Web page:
Sunday, November 22, 2009

Avoiding Fraud When Buying a Car Online

This past week, my wife and I have been searching for her a vehicle. I buy used all the time, so we were searching several sites like,, Ebay, Etc. Well, I came across a deal that seemed too good to be true so I was very curious about it. I decided that my best bet was to contact a local dealer friend and have him handle the deal for me. I always like dealing with a local dealer because, he has tools at his disposal to make sure I'm not getting scammed.

Well, after we contacted the seller, he responded with the attached email. My suspicions were confirmed when I realized that he didn't want to do this deal in person and wanted to have MSN Autos Escrow department. Luckily, I've been in the business long enough to spot the scam, and my dealer friend confirmed it for me, but I thought it would be helpful to pass this information along to anyone else who is interested.

How to know an online deal is a scam:
1. If the deal is too good to be true, It Probably is (Doesn't mean it is a scam, but be very careful)
2. The individual doesn't want to have any phone conversations, only email or chat.
3. The individual won't provide you with a copy of the title before the deal.
4. In my case, the car was listed in Franklinton, LA, but when the owner contacted me he said the vehicle was in Surprise, AZ.
5. If the seller wants to use an escrow service (NOTE: There are some legitimate escrow servies out there. You should do your research before you agree to use one. Don't rely on a link the person sends you, in my case, he sent me a link that had MSN Autos in the URL, but the URL wasn't actually associated with MSN. If you haven't heard of the Service, and can't find somoene that has, the don't use them.)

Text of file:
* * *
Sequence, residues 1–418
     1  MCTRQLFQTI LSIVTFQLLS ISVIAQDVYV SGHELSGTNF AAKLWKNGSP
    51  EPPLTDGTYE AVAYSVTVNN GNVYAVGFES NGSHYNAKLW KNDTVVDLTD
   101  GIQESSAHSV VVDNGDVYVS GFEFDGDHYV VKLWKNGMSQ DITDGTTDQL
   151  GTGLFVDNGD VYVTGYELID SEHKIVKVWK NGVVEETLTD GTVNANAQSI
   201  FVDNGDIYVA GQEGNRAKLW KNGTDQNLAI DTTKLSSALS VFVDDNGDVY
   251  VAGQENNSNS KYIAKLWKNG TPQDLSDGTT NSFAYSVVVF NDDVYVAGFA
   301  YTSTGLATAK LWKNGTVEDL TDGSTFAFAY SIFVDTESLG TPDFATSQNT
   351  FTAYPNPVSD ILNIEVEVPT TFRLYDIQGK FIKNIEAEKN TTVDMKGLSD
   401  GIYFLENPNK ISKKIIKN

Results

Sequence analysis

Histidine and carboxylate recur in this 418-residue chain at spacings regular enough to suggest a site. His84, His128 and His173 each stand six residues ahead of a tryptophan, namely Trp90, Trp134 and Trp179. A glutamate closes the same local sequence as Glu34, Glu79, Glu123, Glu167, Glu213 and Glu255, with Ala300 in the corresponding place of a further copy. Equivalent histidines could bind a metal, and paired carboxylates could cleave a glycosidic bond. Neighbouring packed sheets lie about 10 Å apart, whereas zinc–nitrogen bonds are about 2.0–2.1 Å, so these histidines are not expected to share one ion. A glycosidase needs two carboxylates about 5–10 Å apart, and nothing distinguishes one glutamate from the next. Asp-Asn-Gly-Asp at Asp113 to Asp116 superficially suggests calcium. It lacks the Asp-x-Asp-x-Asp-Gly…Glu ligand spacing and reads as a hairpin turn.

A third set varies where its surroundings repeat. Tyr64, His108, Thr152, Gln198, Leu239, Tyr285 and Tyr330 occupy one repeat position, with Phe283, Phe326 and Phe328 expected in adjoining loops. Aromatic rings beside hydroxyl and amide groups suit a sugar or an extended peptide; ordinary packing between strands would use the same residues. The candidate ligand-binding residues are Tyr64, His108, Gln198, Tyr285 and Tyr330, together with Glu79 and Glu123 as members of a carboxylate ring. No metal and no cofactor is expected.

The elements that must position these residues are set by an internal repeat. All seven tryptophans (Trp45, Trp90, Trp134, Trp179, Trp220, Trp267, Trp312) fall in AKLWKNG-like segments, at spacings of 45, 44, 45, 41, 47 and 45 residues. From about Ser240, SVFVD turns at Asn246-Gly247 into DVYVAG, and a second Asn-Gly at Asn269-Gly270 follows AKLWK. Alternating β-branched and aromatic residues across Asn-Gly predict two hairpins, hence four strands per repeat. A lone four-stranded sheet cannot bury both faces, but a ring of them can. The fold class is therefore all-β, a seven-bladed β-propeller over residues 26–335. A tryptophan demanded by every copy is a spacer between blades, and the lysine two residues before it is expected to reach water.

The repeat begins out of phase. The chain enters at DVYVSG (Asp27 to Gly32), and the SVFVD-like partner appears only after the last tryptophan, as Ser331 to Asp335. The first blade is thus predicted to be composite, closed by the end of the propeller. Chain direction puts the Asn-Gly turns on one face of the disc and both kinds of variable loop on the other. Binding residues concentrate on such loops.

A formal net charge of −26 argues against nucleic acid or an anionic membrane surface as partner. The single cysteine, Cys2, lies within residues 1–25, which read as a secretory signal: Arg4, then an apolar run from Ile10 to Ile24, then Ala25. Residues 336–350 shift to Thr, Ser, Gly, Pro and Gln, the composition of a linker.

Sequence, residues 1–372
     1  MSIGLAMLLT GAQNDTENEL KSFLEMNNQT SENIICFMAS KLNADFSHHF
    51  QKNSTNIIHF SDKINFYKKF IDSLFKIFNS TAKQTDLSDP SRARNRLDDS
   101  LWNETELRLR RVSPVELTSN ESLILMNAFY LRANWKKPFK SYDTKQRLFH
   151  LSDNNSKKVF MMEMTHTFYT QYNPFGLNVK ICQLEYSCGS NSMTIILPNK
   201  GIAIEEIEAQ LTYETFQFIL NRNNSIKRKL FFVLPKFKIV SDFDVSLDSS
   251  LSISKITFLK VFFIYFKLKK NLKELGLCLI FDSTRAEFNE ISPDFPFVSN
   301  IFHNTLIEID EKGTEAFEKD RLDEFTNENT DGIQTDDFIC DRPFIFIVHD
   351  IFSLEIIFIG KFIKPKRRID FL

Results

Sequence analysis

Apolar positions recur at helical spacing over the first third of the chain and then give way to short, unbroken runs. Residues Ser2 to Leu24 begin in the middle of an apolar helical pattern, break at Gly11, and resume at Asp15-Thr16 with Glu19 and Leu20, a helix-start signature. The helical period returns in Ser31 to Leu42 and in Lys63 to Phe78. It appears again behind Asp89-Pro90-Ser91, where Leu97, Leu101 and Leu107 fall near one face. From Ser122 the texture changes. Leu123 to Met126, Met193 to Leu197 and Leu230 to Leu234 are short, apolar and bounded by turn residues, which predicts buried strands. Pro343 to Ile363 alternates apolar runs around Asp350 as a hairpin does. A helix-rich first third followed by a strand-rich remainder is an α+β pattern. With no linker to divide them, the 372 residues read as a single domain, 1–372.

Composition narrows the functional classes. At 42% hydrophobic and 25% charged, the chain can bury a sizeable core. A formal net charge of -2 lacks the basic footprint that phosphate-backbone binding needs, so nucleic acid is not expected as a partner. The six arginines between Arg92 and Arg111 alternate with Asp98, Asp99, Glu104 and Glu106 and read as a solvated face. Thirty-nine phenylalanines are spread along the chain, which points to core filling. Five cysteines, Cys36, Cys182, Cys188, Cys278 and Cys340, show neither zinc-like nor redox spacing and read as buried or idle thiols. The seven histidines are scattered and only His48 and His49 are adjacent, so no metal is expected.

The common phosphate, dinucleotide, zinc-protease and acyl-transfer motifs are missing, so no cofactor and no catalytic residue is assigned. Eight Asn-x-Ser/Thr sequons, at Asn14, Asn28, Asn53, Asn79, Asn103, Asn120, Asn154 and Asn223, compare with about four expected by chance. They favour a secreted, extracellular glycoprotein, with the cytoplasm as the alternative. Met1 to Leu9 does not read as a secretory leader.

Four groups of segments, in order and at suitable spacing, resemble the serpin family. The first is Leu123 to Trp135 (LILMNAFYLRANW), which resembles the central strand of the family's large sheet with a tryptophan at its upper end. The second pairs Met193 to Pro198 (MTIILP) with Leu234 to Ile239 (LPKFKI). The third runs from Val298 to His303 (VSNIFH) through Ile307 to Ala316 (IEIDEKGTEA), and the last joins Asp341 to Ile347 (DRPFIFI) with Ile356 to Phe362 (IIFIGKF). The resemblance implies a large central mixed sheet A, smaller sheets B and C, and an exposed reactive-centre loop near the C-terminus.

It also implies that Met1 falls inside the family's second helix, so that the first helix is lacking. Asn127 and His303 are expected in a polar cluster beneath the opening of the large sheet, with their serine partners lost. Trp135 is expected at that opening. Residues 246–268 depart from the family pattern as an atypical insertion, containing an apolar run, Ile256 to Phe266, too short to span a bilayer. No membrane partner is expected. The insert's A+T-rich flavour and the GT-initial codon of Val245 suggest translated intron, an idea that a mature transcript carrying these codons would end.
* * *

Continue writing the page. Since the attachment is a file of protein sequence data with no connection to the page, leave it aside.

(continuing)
6. If the seller offers to ship a vehicle for free without any haggeling.
7. If a buyer offers to send you a check for more than your car is worth! (BIGGIE)

How to Avoid a Scam:
1. Find a local dealer to help you work the deal. You can usually get one to do this for $250-$500. It's a little extra to pay, but it could save you $1,000's of dollars.
2. Speak with the person on the phone, don't try to do the whole deal over email.
3. If there's any feed back opportunities on the website your looking at make sure others have had positive experiences.
4. If you receive an email that seems suspicious, Google it. That's how I discovered this guy was trying to scam me. Most of these guys aren't smart enough to change their email, they just send out the same one every time and wait for someone who's so excited about getting a good deal that they forget logic.
5. Check, and Google for the name and phone number of the person you're dealing with. I've used the reverse phone tool on Whitepages for many different things, but mainly to confirm who I'm dealing with and where they are located.

These are just some suggestions, but it could save you a lot of money if you at least consider a few of these things before you send your money to someone you don't know.

Rob Zehentner

Here is the Email I received from the seller I contacted.

Hi Rob,The car is still for sale. The asking price is $20,100. It is located in Surprise, AZ and the VIN is 1GKER337X7J100816. The car is registered on my name and the title is clear (no lien). It is in great condition, no dents or scratches. It was always garaged and the regular maintenance was done in time. It wasn't involved in any accident and has never suffered any kind of damage. Also this is a non-smoker car. If you have any questions regarding the car or you want extra photos or the CARFAX report (for free) just let me know!I'm a pilot on cargo flights. My wife broke up with me recently because I'm always away from home. We just sold our house and split the money. This is the last thing I need to sell and split the money with her.Because I'm away most of the time I will not be able to deal in person. But I've already arranged the shipping and the title transfer anywhere in the US. I will pay the shipping fees.I want the payment to be handled by MSN Autos. They will keep the money until you will receive and inspect the car. You will have 7 days of inspection period. If the car is not like described you will have to ship it back on my expense and they will give you a full refund. This way, you will be able to inspect the vehicle before committing to buy it and I know that you have the money and you aren't just fooling around.Giving the nature of this transaction please note that my sale terms are final and nonnegotiable. In order to move forward I will need your full name, address and phone number.I don't want to offend you, but the car is priced for a fast sale so please if you intend to apply for a loan or financing do not reply to this message!Chris Larsen